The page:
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Baltimore Co. Teachers, Administrators ‘Angry’ Over Lack of Communication About Ransomware Attack

Photo by Elizabeth Janney/Patch.

The leaders of the teachers’ union and a group representing Baltimore County Public Schools administrators have written to Dr. Darryl Williams, the school superintendent, saying they are “tired, frustrated and angry” about the lack of communication from him over how the district is handling a ransomware attack that struck just before Thanksgiving.

The letter was sent Sunday by Tom DeHart, executive director of the Council of Administrative and Supervisory Employees, and Cindy L. Sexton, president of the Teachers Association of Baltimore County.
“Educators and administrators have had enough,” the letter begins. “We have been pivoting and adjusting since March. Every time we have been told to do something, to adjust on the fly with little notice, we have stepped up and done it. We simply cannot do it anymore. We are frustrated. We are stressed. We are tired. And we are angry. Educators and administrators feel marginalized and disrespected by the system.”
DeHart and Sexton say they understand that the criminal nature of the ransomware attack means that school district administrators must be circumspect about what they can say about law enforcement investigations into the source of the attack. But the teachers’ and administrators’ representatives have not gotten basic information about the safety of school system employees’ personal data or about when and how paychecks will be delivered and personal leave time will be tallied as officials attempt to unravel the impacts of the attack.

Sexton and DeHart also described the exchange of devices ― from those that may have been hacked by the ransomware attack to those that appear to be more reliable ― as chaotic and disorganized. “Because of the unclear or missing communication, not only are the rumors flying, people are becoming more and more wary,” DeHart and Sexton wrote. “There are hundreds of questions and not many clear answers. There has been no communication from you, Dr. Williams, to us, the educators and administrators (and other staff), reassuring us that the system is doing all it can, or understands our concerns, or apologizing for the device swap and reimaging concerns, and more.”

DeHart and Sexton said that under these trying circumstances, and with an ever-changing and contradictory set of instructions, teachers and administrators “are doing all we can to provide rigorous, authentic instruction.”

“We are getting non-functional devices that we then cannot even use to teach, after turning in a device that was not infected and working perfectly,” the letter continues. “We don’t know why we had to do this because no one has told us. We also are then not allowed to go back and swap again to get another, hopefully working, device. And now we cannot teach. The lack of clarity around this, and the time and energy ― especially the emotional toll ― is overwhelming. We are tired, frustrated, and angry.”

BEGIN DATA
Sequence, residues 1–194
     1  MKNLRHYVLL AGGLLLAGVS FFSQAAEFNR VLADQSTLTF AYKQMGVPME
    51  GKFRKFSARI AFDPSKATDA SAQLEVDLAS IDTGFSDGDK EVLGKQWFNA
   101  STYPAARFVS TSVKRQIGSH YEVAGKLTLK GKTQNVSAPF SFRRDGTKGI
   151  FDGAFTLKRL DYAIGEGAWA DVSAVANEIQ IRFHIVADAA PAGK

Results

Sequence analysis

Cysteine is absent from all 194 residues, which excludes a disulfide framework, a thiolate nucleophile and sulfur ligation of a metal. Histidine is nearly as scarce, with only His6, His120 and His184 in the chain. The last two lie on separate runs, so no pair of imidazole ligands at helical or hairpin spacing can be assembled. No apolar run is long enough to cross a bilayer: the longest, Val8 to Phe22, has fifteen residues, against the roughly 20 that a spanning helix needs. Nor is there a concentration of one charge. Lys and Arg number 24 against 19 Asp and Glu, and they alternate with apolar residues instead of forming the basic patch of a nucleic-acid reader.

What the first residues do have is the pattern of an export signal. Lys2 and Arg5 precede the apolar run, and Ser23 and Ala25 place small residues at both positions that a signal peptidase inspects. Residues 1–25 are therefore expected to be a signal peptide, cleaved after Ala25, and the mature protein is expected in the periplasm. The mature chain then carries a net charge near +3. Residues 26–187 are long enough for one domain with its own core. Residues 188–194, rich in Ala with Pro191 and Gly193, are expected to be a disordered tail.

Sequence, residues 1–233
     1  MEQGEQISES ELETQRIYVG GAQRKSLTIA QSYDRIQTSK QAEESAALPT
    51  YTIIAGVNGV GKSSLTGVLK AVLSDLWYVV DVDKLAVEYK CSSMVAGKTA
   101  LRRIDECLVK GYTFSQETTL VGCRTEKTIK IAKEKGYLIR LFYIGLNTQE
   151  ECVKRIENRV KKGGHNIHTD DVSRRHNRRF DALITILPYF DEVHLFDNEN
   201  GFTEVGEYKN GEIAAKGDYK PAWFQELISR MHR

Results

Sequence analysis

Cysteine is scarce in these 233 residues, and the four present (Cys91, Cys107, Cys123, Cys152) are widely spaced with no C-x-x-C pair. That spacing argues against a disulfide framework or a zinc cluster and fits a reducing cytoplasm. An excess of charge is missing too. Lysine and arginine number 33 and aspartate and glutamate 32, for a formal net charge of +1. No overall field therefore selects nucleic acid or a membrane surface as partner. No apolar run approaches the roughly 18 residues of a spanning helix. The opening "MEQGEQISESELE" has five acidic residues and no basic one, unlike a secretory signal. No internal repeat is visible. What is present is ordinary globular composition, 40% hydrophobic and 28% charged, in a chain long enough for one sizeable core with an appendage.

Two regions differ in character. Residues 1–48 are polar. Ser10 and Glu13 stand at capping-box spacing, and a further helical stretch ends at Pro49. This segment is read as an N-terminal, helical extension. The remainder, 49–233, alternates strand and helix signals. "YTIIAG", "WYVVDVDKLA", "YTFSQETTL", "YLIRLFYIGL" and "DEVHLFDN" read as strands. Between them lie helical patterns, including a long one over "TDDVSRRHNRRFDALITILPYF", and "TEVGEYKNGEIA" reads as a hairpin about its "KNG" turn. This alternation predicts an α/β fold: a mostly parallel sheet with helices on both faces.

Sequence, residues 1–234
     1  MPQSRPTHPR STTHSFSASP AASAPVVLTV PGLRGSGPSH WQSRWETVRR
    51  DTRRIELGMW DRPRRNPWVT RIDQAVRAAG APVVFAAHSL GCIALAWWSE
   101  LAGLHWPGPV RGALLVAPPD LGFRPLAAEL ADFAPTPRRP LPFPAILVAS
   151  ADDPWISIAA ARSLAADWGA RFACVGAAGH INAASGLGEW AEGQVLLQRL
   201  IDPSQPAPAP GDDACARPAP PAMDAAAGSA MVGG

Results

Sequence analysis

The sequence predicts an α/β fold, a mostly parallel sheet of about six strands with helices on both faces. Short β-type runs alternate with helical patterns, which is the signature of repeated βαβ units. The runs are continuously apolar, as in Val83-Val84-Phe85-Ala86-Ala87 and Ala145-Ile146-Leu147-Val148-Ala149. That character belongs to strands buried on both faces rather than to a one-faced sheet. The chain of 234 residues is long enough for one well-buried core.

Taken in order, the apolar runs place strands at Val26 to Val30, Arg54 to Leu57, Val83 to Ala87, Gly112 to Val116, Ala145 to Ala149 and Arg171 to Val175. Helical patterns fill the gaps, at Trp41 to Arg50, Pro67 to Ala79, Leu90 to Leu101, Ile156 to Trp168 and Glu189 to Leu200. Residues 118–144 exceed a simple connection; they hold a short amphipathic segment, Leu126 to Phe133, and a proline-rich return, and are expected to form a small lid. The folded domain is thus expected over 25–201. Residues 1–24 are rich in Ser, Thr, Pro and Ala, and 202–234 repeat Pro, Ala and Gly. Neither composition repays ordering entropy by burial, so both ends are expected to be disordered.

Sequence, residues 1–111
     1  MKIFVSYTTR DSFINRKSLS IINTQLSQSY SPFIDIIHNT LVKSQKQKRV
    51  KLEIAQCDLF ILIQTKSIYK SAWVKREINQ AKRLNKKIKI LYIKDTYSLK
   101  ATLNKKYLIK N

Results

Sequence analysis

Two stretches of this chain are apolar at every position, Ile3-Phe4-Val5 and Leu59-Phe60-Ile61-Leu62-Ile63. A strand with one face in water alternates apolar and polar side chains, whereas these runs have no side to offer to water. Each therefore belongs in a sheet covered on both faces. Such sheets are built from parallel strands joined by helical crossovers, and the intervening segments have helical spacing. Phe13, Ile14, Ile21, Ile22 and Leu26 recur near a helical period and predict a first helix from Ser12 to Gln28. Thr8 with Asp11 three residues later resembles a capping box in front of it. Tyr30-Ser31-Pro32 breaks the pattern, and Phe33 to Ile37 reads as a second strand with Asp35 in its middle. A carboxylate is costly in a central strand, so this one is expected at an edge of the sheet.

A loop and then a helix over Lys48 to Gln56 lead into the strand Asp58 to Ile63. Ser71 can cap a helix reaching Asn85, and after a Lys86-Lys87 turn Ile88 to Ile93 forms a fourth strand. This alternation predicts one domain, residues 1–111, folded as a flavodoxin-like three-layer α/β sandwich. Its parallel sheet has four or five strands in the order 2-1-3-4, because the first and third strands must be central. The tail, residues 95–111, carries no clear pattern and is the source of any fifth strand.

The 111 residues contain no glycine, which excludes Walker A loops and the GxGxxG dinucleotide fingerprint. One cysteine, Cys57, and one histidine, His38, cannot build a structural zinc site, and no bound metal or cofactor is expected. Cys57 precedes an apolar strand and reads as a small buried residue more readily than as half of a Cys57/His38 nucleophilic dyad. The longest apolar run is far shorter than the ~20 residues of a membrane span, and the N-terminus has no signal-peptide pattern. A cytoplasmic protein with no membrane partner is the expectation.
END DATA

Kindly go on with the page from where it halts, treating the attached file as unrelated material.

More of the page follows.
Sexton and DeHart go on to suggest “it’s time for an outsider, an expert on ransomware attacks, to share what is and is not possible and why it will take some time to ‘fix’ things. Staff doesn’t have to like what they hear but at least they will be hearing what is known and why.” And they request that Williams, rather than his underlings, meet with them before the Christmas break to bring them up to date on the crisis.

The teachers’ and administrators’ representatives note that they have complained about Williams’ communications skills before. And Baltimore County Executive John A. Olszewski Jr. (D) complained in a Dec. 11 letter to Williams that the school system hasn’t worked collaboratively with other county government agencies to tackle the ransomware attack.

“Consistent with national best practices, I proposed to you that we pursue a fully integrated response, and I offered to provide the resources required to support the recovery,” Olszewski wrote. “On Sunday, November 29th, you rejected this approach in favor of a bifurcated response. In the twelve days since you have notified me of your decision not to integrate our response efforts, it has become clear that federal, state and local partners are not getting timely and accurate information about the attack from BCPS.”

Olszewski said he found it especially concerning that the school district isn’t communicating with Baltimore County police about the ransomware attack and the possible perpetrators.

Williams and Baltimore County Public School representatives could not be reached for comment on Sunday night. But in a news release on Dec. 15, Williams received praise for his management of the ransomware crisis ― and the pandemic ― from Makeda Scott, chairwoman of the Baltimore County Board of Education.

“I could not be more proud of Superintendent (Darryl L.) Williams, his professional and talented team, and of all of our dedicated educators across Baltimore County who are weathering a combination of challenges that would buckle many other school systems,” Scott said in a statement. “Dr. Williams’ leadership has brought out the best in each of us whose first priority are the children of our community, and I am confident that with him, our Board, and ‘Team BCPS’ leading the way, we can handle any crisis and overcome any obstacle that stands in the way of student success.”

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